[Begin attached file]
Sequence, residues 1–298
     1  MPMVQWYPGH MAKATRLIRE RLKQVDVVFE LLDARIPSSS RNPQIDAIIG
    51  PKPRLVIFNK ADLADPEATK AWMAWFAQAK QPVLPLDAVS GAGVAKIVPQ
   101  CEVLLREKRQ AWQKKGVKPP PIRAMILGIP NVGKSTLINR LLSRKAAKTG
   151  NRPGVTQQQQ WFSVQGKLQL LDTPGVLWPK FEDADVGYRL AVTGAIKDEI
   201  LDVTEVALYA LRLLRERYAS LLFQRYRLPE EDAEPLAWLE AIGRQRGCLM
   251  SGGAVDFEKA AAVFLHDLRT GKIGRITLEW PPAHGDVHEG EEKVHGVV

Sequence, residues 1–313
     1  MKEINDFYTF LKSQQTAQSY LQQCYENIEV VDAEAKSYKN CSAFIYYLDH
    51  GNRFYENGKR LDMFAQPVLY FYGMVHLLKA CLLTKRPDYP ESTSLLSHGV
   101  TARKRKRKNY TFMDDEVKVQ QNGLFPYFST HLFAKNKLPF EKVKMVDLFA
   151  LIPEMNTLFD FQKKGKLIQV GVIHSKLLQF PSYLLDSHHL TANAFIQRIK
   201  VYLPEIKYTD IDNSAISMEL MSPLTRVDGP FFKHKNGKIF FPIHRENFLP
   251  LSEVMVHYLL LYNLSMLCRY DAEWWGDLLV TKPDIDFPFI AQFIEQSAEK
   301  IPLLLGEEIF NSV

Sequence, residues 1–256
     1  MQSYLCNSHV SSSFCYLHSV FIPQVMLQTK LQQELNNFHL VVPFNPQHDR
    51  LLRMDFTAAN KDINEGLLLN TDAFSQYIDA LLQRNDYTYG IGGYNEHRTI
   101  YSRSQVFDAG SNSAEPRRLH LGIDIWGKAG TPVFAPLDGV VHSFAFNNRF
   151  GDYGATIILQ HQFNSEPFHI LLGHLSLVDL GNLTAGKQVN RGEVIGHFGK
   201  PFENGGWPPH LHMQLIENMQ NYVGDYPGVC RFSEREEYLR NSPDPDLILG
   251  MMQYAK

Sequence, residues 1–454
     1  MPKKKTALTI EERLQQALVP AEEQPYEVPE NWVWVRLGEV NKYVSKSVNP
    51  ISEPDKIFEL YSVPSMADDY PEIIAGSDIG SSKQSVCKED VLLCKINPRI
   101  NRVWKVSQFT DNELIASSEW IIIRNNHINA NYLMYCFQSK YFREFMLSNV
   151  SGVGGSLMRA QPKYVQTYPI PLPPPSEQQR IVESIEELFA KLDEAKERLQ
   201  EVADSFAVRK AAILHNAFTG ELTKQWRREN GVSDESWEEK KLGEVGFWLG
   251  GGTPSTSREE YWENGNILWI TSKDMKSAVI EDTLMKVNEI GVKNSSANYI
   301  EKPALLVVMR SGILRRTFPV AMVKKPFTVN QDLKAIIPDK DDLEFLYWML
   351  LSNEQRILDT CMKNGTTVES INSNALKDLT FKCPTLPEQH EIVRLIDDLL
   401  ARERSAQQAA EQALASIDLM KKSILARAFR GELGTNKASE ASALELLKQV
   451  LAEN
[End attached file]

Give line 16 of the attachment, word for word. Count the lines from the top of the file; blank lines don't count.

Sequence, residues 1–256